Here we study the simplest case: motion in a straight line. Here we look at kinematics in two-dimensions — specifically, projectiles and objects in circular motion.
Knowledge of Newton's laws and the ability to apply them to various situations will allow us to explain much of the motion we observe in the world around us. They are also very important for analysing things like bridges that don't move much a subject called Statics that's important in some Engineering programs. Because Newton's laws are so important, week 4 has five lessons, as well as slightly longer quizzes than the previous chapters. We return to the difference between weight and mass.
We introduce Hooke's law for elastic deformations. We consider forces between objects in contact and for convenience resolve them into their normal and frictional components — and as usual give you some problems to solve. In week 6 we explore work and energy, then power — the rate of doing work. We'll use work and Newton's second law to derive the quantity called kinetic energy. Looking at where work comes from, we'll distinguish two sorts of force — conservative and non-conservative. That will allow us to introduce potential energy and mechanical energy.
Power is the rate of doing work. We'll spend some time relating these quantities and their units to your everyday experience, relating Joules to kilowatt hours the unit used by electricity companies and kilowatts to horsepower and to human power. Once we've defined momentum we'll use momentum to analyse elastic and inelastic collisions.
Stand by for hammers, skateboards, car crashes and a bed of nails…. For as long as history — and probably much longer — people have stared at the planets and stars and wondered. Why do they shine? What keeps them moving? Why don't they fall down? So next is gravity — and how it runs the solar system, the galaxy and the universe.
Escape speed, orbits, satellite manoeuvring, black holes: yes, all of the these. Great course. Good explanations and examples. The quizes and tests are not very easy sometimes, but they do you let think again. Very enjoyable! Just the course I was looking for a long time! Great course, great professor, great opportunity of learning!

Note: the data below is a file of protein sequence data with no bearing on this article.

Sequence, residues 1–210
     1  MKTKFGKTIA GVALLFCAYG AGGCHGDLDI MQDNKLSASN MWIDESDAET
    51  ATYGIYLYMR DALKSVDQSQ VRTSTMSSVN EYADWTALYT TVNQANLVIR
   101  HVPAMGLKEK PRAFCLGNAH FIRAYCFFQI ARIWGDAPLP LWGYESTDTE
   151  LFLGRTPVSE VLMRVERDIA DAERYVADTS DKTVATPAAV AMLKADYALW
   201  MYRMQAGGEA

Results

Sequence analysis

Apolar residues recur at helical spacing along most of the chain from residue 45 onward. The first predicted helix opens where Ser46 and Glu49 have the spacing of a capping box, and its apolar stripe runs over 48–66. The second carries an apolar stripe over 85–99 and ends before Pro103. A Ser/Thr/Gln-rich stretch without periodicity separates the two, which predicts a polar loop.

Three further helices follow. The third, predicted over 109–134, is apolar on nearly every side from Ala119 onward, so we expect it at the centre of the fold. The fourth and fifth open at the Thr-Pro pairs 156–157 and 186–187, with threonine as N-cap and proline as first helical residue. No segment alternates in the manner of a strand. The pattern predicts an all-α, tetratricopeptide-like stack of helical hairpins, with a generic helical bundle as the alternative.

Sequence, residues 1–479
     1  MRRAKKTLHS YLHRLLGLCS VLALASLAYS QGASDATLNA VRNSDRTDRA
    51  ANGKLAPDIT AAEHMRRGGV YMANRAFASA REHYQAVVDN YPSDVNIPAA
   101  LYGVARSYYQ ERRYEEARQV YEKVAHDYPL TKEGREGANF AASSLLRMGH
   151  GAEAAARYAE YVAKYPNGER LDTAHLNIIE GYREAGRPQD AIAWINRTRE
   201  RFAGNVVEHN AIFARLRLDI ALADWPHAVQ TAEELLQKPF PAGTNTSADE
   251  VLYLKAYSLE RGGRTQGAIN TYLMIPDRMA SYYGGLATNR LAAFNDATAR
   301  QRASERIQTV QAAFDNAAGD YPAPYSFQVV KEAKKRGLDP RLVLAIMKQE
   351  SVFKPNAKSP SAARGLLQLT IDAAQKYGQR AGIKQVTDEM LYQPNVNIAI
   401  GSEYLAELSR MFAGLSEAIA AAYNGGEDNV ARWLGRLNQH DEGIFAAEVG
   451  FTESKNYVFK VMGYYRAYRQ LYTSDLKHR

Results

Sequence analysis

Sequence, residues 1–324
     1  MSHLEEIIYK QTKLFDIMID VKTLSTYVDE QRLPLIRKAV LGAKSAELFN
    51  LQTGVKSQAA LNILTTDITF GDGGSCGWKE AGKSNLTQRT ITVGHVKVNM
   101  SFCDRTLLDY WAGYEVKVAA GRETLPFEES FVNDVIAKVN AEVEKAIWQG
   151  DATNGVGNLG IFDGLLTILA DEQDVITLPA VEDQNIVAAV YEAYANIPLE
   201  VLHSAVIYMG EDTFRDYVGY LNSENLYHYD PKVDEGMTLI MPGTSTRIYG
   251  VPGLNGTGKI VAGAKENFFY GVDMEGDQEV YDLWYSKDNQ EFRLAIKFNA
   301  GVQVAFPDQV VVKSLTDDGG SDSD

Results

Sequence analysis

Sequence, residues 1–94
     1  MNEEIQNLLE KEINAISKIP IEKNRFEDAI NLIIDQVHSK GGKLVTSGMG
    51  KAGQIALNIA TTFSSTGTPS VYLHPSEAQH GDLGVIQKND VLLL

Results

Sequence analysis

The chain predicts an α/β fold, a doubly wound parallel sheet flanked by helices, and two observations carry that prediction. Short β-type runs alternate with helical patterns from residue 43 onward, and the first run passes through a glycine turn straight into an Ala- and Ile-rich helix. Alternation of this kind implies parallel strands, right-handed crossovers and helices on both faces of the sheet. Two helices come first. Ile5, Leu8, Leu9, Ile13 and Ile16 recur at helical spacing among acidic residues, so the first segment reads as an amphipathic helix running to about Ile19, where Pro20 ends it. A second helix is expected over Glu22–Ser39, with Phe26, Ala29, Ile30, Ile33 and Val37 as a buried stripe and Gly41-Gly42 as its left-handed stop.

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Whenever a system is affected by an outside agent, its total energy changes. In general, a force is anything that causes a change like a change in energy or motion or shape.
When a force causes a change in the energy of a system, physicists say that work has been done. The mathematical statement that relates forces to changes in energy is called the work-energy theorem.
When the total of all the different forms of energy is determined, we find that it remains constant in systems that are isolated from their surroundings. The study of how energy changes forms and location during physical processes is called energetics , but the word is used more by scientists in fields outside of physics than inside.
Motion may be divided into three basic types — translational, rotational, and oscillatory. The sections on mechanics in this book are basically arranged in that order. The fourth type of motion — random — is dealt with in another book I wrote. The words mechanics, dynamics, statics, and kinematics are used throughout this book and heavily in the first third. Each refers to a discipline or branch of physics, thus the common suffix -ics. Mechanics Introduction Mechanics is the part of physics that is all about motion. You must be proficient with algebra. The good news is that physics will make you more proficient with algebra!
Position, Velocity, Acceleration Knowing where your object is — we call that position.
Basic Mechanics 1. Understanding Velocity and Acceleration (Basic Mechaics) - Kindle edition by Peter Martin Jones. Download it once and read it on your. Basic Mechanics. The magnitude and direction of the displacement are important, but so are the characteristics of the object's velocity and acceleration.
We write it like so. We can write it like this. As we just showed, velocity is the slope of the position graph.
Say we drive km in 1. We know that velocity is distance divided by time, giving us a velocity of kph kilometers per hour. Next, we stop for 1 hour for lunch. Then we drive another 90 km in 1. The velocity for the last part is kph. So our trip has three pieces that have velocities 80, 0, and 60 kph. We can calculate an average velocity for the entire trip; just divide total distance by total time, which is kph.
Here is a graph of the trip, plotted as distance sometimes called displacement vs. What if your position-vs-time graph looked like this:. We could still calculate an average velocity slope in red , but the slopes of each individual segment vary wildly, and even go backwards. We could calculate the slope of each little segment.
But what if the time period was made smaller and smaller? What is a derivative?
What if we let the part get smaller and smaller? As approaches zero, we call that a derivative, and we write it like this:. If not, you just need to understand the definition above and the recipe for how to calculate it below. Just as in the previous sections , a derivative is a slope.